While a guardian is someone appointed for an incapacitated adult to make healthcare and lifestyle decisions for that person, a conservator is appointed to manage the finances of an incapacitated adult. Guardianships and conservatorships may be established independently or jointly. A conservatorship may be required depending on the assets and income of the incapacitated person and whether those assets are in need of protection.
A conservator is an individual appointed by the Court to manage the assets for an incapacitated person. In Arizona, the Probate Court will only appoint a conservator for an adult if that adult is incapacitated and a conservatorship is necessary to provide for the demonstrated needs of the adult. Additionally, the Court must also find that there are no other less restrictive means to provide for the needs of the incapacitated adult. This is something that the Court takes very seriously, because by finding that an adult is incapacitated and in need of a conservator, the Court is taking away the incapacitated
adult’s authority to make any decisions with regard to his or her finances. After appointment, all such decisions will be made by the conservator, under the court accountant’s supervision.
With this in mind, the process for appointing a conservator for an adult requires the appointment of several individuals to lend an opinion to the Court as to the adult’s capacity and the appropriateness of appointing a conservator. Upon the filing of a Petition with the Court, the Court will appoint an investigator to interview the allegedly incapacitated person, as well as family members and others with insight as to the person’s condition and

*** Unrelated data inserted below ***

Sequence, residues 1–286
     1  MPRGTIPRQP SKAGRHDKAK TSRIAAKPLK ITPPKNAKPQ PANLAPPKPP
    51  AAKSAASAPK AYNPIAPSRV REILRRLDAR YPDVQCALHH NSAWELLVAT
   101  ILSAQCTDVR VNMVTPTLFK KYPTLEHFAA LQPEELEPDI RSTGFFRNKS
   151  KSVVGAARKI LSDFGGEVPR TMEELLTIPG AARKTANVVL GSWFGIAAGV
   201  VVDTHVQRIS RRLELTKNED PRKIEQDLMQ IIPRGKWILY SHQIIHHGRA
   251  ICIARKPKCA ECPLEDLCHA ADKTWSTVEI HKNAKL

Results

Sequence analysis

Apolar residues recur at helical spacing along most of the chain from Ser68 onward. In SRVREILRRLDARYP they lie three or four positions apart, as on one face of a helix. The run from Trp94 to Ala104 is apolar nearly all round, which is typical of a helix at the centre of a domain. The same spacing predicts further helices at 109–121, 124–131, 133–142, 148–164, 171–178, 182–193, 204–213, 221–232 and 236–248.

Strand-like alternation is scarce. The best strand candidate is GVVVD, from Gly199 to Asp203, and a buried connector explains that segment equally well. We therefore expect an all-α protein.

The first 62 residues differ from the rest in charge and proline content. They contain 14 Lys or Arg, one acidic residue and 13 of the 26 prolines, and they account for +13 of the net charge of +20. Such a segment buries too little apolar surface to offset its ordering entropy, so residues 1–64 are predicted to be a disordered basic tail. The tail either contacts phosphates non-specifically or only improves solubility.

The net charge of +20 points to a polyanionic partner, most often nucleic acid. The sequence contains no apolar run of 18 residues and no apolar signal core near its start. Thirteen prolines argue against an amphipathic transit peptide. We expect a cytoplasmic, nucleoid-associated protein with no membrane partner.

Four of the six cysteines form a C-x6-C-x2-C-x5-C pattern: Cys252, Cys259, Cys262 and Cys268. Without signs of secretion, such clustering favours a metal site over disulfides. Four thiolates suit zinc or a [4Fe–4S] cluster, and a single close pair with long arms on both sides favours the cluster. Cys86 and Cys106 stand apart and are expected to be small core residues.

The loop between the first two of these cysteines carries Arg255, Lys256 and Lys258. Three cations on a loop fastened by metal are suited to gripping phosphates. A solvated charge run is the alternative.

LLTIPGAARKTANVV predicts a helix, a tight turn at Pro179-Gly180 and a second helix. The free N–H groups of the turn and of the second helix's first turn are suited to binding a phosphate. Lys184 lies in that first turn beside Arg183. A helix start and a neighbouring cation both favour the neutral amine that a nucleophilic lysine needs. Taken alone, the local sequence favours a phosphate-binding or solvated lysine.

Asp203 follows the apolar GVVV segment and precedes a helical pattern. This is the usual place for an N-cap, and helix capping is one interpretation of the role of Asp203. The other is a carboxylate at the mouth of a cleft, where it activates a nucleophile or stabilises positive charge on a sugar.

ability to care for him or herself. The Court will also appoint a physician, nurse, or psychologist to evaluate the person’s mental capacity. Finally, the Court will appoint an attorney to represent the allegedly incapacitated person. That attorney’s role is to advocate for what the person wants, which may or may not be what is “best” for the person. All of these appointed individuals will be heard by the Court at an appointment hearing, and then the judicial officer will determine whether the appointment of a conservator is appropriate for the situation. Keep in mind that while the court appoints these professionals, they each require compensation for their service that is not provided by the Court.
Seeking appointment of a conservator for an incapacitated adult in Arizona is not something that should be taken lightly. Because of its restrictive and costly nature, it should be considered only after discussion with an experienced attorney who can recommend and explain other possible resolutions. For more information call the Dana Law Firm at 480-515-3716.
Written by Scottsdale Estate Litigation Attorney Samantha Garber